Is Being a Habitual Drug Addict Grounds for Divorce Cases in Georgia?

by Heather Frances Google

There may be many reasons a marriage doesn’t work out, but a court must have at least one reason to end the marriage through a divorce. In addition to several other reasons for divorce, Georgia law allows a couple to divorce because one spouse is a habitual drug addict as defined in Georgia law.

Grounds

Grounds for a divorce are the reasons or basis for that divorce, and every divorce requires some type of grounds. Exact grounds vary between states with some states offering only one option and other states offering many. Georgia offers 13 grounds, and a divorcing couple can use any ground that fits their situation. No-fault grounds do not require either spouse to prove the other was at fault for the breakdown of the marriage. Fault grounds, available in many states, require one spouse to prove the other committed some kind of marital misconduct, such as adultery.

Georgia Grounds

Georgia has a longer list of grounds than many states. Georgia’s no-fault ground is that the marriage is “irretrievably broken.” Habitual drug addiction is one of Georgia’s fault grounds, along with other grounds like desertion, cruel treatment, habitual intoxication and adultery. If a spouse wishes to divorce in Georgia based on his spouse’s habitual drug addiction, he must be able to prove the addiction to the divorce court.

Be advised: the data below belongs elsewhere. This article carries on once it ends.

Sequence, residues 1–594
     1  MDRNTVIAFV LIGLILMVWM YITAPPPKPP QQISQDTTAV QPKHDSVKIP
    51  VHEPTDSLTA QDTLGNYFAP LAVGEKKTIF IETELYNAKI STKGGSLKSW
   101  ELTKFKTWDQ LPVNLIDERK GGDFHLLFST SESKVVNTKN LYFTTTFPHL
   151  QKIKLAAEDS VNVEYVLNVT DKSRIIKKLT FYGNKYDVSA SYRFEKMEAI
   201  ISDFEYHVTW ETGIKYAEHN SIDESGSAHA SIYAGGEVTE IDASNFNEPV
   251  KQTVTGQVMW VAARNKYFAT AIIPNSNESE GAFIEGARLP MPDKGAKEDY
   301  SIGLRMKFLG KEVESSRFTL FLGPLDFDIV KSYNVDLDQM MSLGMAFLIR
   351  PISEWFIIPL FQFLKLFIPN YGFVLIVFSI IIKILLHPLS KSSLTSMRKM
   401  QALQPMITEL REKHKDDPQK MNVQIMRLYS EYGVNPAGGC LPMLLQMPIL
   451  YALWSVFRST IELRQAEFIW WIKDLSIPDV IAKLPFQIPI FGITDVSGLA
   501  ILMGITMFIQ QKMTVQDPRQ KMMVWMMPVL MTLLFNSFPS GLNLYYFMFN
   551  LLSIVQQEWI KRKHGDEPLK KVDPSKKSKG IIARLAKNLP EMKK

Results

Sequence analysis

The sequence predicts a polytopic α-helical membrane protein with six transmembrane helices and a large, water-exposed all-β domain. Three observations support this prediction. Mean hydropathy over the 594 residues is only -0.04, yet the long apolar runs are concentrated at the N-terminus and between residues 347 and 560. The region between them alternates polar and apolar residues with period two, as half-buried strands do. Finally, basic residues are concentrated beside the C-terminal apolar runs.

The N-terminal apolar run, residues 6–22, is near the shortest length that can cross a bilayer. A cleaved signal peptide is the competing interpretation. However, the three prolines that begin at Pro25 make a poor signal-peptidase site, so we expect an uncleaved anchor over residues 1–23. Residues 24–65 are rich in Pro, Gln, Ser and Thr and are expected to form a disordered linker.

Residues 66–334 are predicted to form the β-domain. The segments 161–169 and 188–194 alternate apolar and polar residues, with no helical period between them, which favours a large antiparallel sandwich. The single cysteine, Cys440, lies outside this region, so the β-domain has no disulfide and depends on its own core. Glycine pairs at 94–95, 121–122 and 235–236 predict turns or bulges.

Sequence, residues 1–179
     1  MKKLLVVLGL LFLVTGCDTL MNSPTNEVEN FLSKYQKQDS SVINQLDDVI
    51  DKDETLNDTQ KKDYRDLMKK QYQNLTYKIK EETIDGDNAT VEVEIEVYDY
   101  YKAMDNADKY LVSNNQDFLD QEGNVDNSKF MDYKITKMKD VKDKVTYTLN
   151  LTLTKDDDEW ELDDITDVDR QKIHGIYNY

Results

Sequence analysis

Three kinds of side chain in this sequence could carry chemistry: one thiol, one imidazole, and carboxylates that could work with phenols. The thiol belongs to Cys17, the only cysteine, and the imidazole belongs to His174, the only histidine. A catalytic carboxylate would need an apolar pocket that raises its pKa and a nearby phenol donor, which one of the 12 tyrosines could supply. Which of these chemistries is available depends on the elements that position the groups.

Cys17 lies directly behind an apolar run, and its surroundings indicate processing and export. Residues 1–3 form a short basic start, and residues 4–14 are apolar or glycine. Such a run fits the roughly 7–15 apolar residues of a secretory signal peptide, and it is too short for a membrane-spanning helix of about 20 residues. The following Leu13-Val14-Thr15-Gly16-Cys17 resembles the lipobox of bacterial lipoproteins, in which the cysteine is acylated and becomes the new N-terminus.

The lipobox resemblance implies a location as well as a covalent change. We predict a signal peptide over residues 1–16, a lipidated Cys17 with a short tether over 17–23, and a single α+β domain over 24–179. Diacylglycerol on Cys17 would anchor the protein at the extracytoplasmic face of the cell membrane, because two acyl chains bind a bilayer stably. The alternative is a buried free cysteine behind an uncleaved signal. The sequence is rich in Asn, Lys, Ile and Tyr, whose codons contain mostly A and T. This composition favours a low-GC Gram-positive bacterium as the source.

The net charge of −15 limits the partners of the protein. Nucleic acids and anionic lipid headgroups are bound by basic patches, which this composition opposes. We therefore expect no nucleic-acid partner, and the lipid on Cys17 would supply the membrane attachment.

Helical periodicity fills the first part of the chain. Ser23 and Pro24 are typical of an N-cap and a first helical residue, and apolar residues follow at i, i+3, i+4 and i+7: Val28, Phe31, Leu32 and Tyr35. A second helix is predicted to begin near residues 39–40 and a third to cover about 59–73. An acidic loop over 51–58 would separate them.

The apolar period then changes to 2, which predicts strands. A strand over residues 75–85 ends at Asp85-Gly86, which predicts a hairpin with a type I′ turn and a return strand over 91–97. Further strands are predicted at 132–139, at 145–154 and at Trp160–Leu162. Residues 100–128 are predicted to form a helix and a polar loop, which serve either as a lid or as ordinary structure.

Habitual Drug Addiction

Habitual drug addiction has a very specific definition in Georgia. It means the addicted spouse must be addicted to one of the controlled substances listed in Georgia law. These substances include a long list of chemical names for opiates and hallucinogenic substances, such as morphine and amphetamines. If a spouse is addicted to a drug that is not on this list, the addiction cannot be grounds for a divorce, but the spouses could file for divorce based on Georgia’s no-fault grounds. The filing spouse must be able to prove that the other spouse has a habitual drug addiction. This proof may include evidence, such as an arrest record for drug-related crimes, a record of treatment for drug-related illnesses or testimony from witnesses who have seen the addicted spouse doing drugs or on drugs. At the filing spouse's request, the divorce court could even order the addicted spouse to undergo drug testing.

Impact of Misconduct

Marital fault or misconduct, such as drug addiction, can affect a Georgia court’s decisions regarding the terms of a divorce such as property division, alimony and custody. If spouses do not settle their differences and divorce by agreement, the case must go to trial. At trial, the court will consider spousal misconduct, and the misbehaving spouse may receive less property or time with the children than he otherwise would have received.